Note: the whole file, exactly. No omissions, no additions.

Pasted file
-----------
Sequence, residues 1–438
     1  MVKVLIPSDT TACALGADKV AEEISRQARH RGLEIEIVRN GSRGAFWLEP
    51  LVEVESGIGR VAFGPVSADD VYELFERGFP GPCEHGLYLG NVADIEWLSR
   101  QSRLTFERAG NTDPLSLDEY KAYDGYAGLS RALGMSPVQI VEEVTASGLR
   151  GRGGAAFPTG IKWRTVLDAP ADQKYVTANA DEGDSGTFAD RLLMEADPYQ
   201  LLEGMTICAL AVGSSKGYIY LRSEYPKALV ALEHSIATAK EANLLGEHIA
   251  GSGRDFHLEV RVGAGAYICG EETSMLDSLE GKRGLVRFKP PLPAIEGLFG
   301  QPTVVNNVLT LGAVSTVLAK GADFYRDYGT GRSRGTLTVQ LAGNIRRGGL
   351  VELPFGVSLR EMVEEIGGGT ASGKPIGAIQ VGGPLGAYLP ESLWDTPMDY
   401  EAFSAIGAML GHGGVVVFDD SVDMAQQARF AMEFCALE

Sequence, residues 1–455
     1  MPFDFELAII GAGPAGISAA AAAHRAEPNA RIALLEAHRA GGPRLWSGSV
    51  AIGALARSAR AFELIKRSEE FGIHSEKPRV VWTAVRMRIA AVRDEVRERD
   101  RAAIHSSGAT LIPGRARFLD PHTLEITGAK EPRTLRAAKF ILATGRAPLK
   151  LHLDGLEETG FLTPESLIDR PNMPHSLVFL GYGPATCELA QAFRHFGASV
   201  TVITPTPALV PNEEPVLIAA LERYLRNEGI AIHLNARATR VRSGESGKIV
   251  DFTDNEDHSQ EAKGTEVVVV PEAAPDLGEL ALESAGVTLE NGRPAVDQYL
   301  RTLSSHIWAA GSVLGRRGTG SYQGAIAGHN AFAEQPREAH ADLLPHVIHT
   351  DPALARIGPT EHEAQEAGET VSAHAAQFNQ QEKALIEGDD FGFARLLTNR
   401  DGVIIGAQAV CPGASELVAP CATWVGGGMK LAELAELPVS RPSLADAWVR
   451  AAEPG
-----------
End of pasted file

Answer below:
Sequence, residues 1–438
     1  MVKVLIPSDT TACALGADKV AEEISRQARH RGLEIEIVRN GSRGAFWLEP
    51  LVEVESGIGR VAFGPVSADD VYELFERGFP GPCEHGLYLG NVADIEWLSR
   101  QSRLTFERAG NTDPLSLDEY KAYDGYAGLS RALGMSPVQI VEEVTASGLR
   151  GRGGAAFPTG IKWRTVLDAP ADQKYVTANA DEGDSGTFAD RLLMEADPYQ
   201  LLEGMTICAL AVGSSKGYIY LRSEYPKALV ALEHSIATAK EANLLGEHIA
   251  GSGRDFHLEV RVGAGAYICG EETSMLDSLE GKRGLVRFKP PLPAIEGLFG
   301  QPTVVNNVLT LGAVSTVLAK GADFYRDYGT GRSRGTLTVQ LAGNIRRGGL
   351  VELPFGVSLR EMVEEIGGGT ASGKPIGAIQ VGGPLGAYLP ESLWDTPMDY
   401  EAFSAIGAML GHGGVVVFDD SVDMAQQARF AMEFCALE

Sequence, residues 1–455
     1  MPFDFELAII GAGPAGISAA AAAHRAEPNA RIALLEAHRA GGPRLWSGSV
    51  AIGALARSAR AFELIKRSEE FGIHSEKPRV VWTAVRMRIA AVRDEVRERD
   101  RAAIHSSGAT LIPGRARFLD PHTLEITGAK EPRTLRAAKF ILATGRAPLK
   151  LHLDGLEETG FLTPESLIDR PNMPHSLVFL GYGPATCELA QAFRHFGASV
   201  TVITPTPALV PNEEPVLIAA LERYLRNEGI AIHLNARATR VRSGESGKIV
   251  DFTDNEDHSQ EAKGTEVVVV PEAAPDLGEL ALESAGVTLE NGRPAVDQYL
   301  RTLSSHIWAA GSVLGRRGTG SYQGAIAGHN AFAEQPREAH ADLLPHVIHT
   351  DPALARIGPT EHEAQEAGET VSAHAAQFNQ QEKALIEGDD FGFARLLTNR
   401  DGVIIGAQAV CPGASELVAP CATWVGGGMK LAELAELPVS RPSLADAWVR
   451  AAEPG